McNamara maintains that US policymakers made the wrong decisions in 1964 and 1967, because they looked at Southeast Asia through the lens of the Cold War. With reference to decisions made in 1964, McNamara writes:
“We saw a world where the Hanoi-supported Pathet Lao continued to push forward in Laos, where Sukarno appeared to be moving Indonesia even closer to the Communist orbit, where Malaysia faced immense pressure from Chinese-supported insurgents, where China had just detonated its first atomic device and continued to trumpet violent revolution, where Khrushchev and his successors in the Kremlin continued to make bellicose statements against the West. In light of all those threats, we viewed unconditional withdrawal as clearly unacceptable” (1996:157-58).
“[If the United States were to seek neutrality] in Southeast Asia, Laos would almost certainly come under North Vietnamese domination, Cambodia might exhibit a facade of neutrality but would in fact accept Communist Chinese domination, Thailand would become very shaky, and Malaysia, already beset by Indonesia, the same; even Burma would see the developments as a clear sign that the whole of the area now had to accommodate completely to Communism. . . .
In the eyes of the rest of Asia and of key areas threatened by Communism in other areas as well, South Vietnam is both a test of U.S. firmness and specifically a test of U.S. capacity to deal with ‘wars of national liberation.’ Within Asia, there is evidence—for example, from Japan—that U.S. disengagement and the acceptance of Communist domination would have serious effect on confidence. More broadly, there can be little doubt that any country threatened in the future would have reason to doubt whether we would really see the thing through. This would apply even in such theoretically remote areas as Latin America” (Robert McNamara, Memorandum to the President, January 7, 1964; quoted in McNamara 1996:106-7).
“The loss of South Vietnam and Laos to the Communists would be profoundly damaging to the US position in the Far East, most especially because the US had committed itself persistently, emphatically, and publicly to preventing Communist takeover of the two countries. Failure here would be damaging to US prestige, and would seriously debase the credibility of US will and capability to contain the spread of communism elsewhere in the area. Our enemies would be encouraged and there would be an increased tendency among other states to move toward a greater degree of accommodation with the Communists. . . . Aside from the immediate joy in North Vietnam over achievement of its national goals, the chief effect would be upon Communist China, both in boosting its already remarkable self-confidence and in raising its prestige as a leader of World Communism. Peiping has already begun to advertise South Vietnam as proof of its thesis that the underdeveloped world is ripe for revolution, that the US is a paper tiger, and that local insurgency can be carried through to victory without undue risk of precipitating a major international war. The outcome in South Vietnam and Laos would conspicuously support the aggressive tactical contentions of Peiping as contrasted with the more cautious position of the USSR. To some degree this will tend to encourage and strengthen the more activist revolutionary movements in various parts of the underdeveloped world” (Board of National Estimates of the CIA, Memorandum to CIA Director McCone, June 9, 1964; quoted in McNamara 1996:124-25).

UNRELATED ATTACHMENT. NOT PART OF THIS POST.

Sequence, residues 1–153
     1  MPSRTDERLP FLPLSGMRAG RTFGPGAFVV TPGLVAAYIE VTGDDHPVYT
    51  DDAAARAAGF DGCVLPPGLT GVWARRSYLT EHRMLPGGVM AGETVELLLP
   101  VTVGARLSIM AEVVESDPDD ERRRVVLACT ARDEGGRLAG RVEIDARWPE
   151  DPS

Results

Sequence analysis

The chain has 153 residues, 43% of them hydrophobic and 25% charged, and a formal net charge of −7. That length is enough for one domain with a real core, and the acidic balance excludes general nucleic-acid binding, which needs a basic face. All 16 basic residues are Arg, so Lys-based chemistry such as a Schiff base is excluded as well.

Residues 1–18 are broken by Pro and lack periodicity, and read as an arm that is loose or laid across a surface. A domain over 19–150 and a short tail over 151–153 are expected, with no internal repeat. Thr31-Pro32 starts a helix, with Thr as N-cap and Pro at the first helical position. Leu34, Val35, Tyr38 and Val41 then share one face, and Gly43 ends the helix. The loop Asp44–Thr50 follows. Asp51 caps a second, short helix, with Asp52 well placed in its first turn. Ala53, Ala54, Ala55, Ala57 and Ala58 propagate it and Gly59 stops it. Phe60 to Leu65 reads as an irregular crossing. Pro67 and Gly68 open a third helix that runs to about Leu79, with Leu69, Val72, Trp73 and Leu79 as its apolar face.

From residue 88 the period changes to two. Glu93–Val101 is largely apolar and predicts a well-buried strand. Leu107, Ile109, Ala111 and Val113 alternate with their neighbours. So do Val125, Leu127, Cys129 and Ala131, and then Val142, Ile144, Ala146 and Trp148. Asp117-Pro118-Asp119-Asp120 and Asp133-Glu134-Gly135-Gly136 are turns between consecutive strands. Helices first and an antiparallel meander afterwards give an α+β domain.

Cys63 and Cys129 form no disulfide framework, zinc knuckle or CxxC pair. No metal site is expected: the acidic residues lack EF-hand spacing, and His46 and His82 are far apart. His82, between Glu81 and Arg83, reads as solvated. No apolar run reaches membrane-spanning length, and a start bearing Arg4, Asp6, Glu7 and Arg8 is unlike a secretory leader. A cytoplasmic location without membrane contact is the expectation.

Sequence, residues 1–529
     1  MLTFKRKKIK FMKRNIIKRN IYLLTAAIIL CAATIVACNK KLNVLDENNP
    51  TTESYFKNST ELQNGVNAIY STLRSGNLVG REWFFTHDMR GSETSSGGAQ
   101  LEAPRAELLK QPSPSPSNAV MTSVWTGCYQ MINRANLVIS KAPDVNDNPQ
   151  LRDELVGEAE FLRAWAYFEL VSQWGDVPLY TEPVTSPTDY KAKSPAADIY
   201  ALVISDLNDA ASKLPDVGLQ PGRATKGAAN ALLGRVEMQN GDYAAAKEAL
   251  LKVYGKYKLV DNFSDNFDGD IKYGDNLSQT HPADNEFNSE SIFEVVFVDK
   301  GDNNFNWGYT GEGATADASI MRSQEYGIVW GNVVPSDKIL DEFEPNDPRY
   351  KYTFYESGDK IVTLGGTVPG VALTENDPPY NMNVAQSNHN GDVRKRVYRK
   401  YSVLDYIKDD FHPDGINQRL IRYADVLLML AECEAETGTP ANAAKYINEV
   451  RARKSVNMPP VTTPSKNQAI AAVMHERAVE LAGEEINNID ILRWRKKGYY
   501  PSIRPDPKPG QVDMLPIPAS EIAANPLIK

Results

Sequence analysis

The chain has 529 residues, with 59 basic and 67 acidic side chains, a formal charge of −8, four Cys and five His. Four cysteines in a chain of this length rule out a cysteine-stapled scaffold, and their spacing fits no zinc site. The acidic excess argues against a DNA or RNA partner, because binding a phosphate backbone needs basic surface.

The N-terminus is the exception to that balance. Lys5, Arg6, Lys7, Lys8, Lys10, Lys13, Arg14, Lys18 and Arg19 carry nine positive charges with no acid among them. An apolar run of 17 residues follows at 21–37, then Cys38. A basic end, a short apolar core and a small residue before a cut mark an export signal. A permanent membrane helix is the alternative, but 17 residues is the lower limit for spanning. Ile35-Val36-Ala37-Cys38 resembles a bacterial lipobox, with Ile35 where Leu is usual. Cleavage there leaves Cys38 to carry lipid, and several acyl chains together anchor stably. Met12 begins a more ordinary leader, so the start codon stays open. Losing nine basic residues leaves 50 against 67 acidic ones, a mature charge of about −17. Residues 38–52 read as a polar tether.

“The present attacks . . . are no isolated event. They are part and parcel of a continuing Communist drive to conquer South Vietnam . . . and to eventually dominate and conquer other free nations of Southeast Asia” (Secretary of State Dean Rusk, prepared statement before a joint executive session of the Senate Foreign Relations and Armed Services committees, August 6, 1964; quoted in McNamara 1996:136).
“I am convinced that it would be disastrous for the United States and the Free World to permit Southeast Asia to be overrun by the Communist North. . . . I am also convinced that everything possible should be done to throw back the Hanoi-Viet Cong aggression. . . . Negotiation as a cover for the abandonment of Southeast Asia to the Communist North cannot be accepted” (Secretary of State Dean Rusk, Memo to the President, February 23, 1965; quoted in McNamara 1996:173).